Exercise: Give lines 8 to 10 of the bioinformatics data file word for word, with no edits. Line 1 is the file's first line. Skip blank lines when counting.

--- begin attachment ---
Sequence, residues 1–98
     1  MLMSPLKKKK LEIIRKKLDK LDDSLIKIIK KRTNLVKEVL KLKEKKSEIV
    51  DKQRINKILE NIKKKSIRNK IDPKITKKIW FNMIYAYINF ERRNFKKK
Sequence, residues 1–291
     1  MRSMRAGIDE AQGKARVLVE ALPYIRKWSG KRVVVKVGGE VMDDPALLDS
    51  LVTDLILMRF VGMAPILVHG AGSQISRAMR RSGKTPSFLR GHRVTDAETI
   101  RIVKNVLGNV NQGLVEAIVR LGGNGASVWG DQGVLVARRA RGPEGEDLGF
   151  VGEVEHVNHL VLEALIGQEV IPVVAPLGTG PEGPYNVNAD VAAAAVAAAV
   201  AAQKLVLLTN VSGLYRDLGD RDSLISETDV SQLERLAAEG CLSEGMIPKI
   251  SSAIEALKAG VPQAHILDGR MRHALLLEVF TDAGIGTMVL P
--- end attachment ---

   151  VGEVEHVNHL VLEALIGQEV IPVVAPLGTG PEGPYNVNAD VAAAAVAAAV
   201  AAQKLVLLTN VSGLYRDLGD RDSLISETDV SQLERLAAEG CLSEGMIPKI
   251  SSAIEALKAG VPQAHILDGR MRHALLLEVF TDAGIGTMVL P